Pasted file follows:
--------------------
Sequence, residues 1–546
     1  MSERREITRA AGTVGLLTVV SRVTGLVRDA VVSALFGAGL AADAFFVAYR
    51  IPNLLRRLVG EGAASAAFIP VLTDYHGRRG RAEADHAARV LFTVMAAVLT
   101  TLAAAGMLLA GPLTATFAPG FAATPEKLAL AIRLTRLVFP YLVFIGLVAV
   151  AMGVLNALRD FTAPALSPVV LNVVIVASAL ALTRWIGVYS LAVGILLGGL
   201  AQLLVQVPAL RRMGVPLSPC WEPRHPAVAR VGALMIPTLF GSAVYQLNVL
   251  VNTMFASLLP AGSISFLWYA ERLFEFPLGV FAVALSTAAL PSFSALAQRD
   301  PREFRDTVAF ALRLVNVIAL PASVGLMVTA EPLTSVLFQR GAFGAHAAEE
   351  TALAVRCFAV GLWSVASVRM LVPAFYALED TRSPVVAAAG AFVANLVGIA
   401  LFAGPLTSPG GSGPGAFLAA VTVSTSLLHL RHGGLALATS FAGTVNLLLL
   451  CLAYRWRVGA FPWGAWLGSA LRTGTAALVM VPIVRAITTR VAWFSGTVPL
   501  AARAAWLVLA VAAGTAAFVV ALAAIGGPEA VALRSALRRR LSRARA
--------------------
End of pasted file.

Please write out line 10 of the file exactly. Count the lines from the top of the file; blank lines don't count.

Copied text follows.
   401  LFAGPLTSPG GSGPGAFLAA VTVSTSLLHL RHGGLALATS FAGTVNLLLL